Australian Foreign Minister Julie Bishop has announced plans by her government for “increasing educational opportunities for primary and tertiary students” in Myanmar.
During her recent three-day visit to Myanmar, she said the Australian government will provide a $27.8-million funding to boost services in 43,000 schools and strengthen teacher training colleges for tertiary sectors.
“Education is essential to the success of the Myanmar government’s broader reform efforts. Improvements in education will help people develop the skills to take advantage of the expanding economic opportunities,” she said in a statement.
This funding is in addition to Australia’s commitment of $24.6 million, aimed at promoting “economic growth and community engagement with the peace process.”
Myanmar’s education system still suffers the legacy of chronic underinvestment and mismanagement in almost every school and educational institution – with past governments failing to provide investment or upkeep.
With less than half of students finishing secondary schooling, Myanmar faces the issue of falling participation rates in its education system, inflamed by the fact that many children do not enrol or for many are unable to attend primary school.
The Australian government, in cooperation with the Ministry of Education and the World Bank, will expand existing school-grant and stipend programs in addition to added programs of training and curriculum-management assistance.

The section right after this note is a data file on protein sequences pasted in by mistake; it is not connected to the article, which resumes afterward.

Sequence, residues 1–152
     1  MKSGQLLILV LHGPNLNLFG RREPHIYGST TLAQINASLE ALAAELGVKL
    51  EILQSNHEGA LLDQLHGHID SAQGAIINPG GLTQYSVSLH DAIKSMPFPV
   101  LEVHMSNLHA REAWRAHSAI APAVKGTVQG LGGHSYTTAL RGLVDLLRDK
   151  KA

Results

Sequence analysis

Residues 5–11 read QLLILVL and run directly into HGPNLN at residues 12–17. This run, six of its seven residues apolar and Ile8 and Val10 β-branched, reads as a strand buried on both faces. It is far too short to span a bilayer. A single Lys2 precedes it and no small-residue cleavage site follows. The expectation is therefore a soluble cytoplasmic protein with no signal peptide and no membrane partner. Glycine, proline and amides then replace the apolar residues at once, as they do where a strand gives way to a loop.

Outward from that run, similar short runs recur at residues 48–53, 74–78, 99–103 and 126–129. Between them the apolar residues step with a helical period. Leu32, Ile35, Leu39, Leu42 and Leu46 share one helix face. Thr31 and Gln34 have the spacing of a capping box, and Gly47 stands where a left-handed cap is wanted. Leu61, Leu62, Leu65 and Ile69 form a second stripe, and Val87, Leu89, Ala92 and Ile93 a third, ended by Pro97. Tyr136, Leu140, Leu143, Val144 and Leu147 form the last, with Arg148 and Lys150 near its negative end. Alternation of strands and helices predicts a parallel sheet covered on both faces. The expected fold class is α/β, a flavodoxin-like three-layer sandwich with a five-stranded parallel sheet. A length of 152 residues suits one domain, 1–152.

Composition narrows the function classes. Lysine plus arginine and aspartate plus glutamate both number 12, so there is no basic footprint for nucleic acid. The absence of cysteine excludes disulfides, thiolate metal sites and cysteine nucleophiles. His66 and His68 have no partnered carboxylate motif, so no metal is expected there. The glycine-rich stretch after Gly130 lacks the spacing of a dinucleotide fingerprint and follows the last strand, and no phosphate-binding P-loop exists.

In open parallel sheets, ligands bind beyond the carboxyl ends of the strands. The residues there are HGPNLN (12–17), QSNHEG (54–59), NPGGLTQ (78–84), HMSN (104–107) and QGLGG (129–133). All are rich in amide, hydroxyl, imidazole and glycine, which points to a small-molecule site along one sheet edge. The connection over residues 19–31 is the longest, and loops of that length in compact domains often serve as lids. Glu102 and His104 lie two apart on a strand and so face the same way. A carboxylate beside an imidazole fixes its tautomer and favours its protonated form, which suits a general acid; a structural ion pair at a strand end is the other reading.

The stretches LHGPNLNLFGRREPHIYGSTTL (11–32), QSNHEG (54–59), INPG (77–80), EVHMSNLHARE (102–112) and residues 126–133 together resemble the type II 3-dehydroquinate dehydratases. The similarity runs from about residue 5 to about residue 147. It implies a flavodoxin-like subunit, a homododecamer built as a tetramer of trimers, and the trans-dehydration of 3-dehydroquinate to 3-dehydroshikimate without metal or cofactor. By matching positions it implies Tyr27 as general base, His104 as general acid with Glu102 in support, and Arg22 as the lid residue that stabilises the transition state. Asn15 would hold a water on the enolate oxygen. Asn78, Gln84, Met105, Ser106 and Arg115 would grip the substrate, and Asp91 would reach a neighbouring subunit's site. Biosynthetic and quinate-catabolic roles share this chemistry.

Apart from the financial aid, Australia will also provide 50 long-term Australia Awards for Myanmar students to study in Australia in 2015 and it is also exploring opportunities within the New Colombo Plan to enable Australian students to study in Myanmar.
President U Thein Sein visited Australia last year, meeting with ex-Prime Minister Julia Gillard, in what was widely seen as a historic visit.
It was during this visit that official language was put under the spotlight, with the country then being referred to as Myanmar and its biggest city as Yangon. However , in recent times the Australian government has referred to the country in official communiqués as both Burma and Myanmar and its biggest city as both Rangoon and Yangon.
Such a move was predicted following the change of Australian governments late last year but has been tipped as threatening some diplomatic gains made between the two countries.